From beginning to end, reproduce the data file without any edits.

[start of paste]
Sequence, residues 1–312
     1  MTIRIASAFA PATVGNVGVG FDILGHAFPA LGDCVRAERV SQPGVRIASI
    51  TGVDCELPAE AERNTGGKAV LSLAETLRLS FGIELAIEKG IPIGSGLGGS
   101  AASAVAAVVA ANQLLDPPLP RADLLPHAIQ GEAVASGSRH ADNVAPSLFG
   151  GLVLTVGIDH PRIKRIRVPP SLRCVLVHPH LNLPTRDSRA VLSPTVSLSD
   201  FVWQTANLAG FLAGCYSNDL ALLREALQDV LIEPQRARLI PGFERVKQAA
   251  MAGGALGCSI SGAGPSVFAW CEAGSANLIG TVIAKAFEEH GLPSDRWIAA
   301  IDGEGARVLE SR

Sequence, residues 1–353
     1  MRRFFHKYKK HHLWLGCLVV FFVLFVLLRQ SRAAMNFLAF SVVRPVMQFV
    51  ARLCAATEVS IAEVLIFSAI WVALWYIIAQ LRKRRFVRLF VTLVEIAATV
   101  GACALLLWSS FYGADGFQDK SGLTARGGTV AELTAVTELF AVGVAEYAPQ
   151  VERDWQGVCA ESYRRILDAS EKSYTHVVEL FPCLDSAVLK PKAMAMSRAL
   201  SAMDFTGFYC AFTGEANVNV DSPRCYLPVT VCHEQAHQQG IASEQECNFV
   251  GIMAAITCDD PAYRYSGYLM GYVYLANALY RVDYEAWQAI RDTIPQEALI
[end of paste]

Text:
Sequence, residues 1–312
     1  MTIRIASAFA PATVGNVGVG FDILGHAFPA LGDCVRAERV SQPGVRIASI
    51  TGVDCELPAE AERNTGGKAV LSLAETLRLS FGIELAIEKG IPIGSGLGGS
   101  AASAVAAVVA ANQLLDPPLP RADLLPHAIQ GEAVASGSRH ADNVAPSLFG
   151  GLVLTVGIDH PRIKRIRVPP SLRCVLVHPH LNLPTRDSRA VLSPTVSLSD
   201  FVWQTANLAG FLAGCYSNDL ALLREALQDV LIEPQRARLI PGFERVKQAA
   251  MAGGALGCSI SGAGPSVFAW CEAGSANLIG TVIAKAFEEH GLPSDRWIAA
   301  IDGEGARVLE SR

Sequence, residues 1–353
     1  MRRFFHKYKK HHLWLGCLVV FFVLFVLLRQ SRAAMNFLAF SVVRPVMQFV
    51  ARLCAATEVS IAEVLIFSAI WVALWYIIAQ LRKRRFVRLF VTLVEIAATV
   101  GACALLLWSS FYGADGFQDK SGLTARGGTV AELTAVTELF AVGVAEYAPQ
   151  VERDWQGVCA ESYRRILDAS EKSYTHVVEL FPCLDSAVLK PKAMAMSRAL
   201  SAMDFTGFYC AFTGEANVNV DSPRCYLPVT VCHEQAHQQG IASEQECNFV
   251  GIMAAITCDD PAYRYSGYLM GYVYLANALY RVDYEAWQAI RDTIPQEALI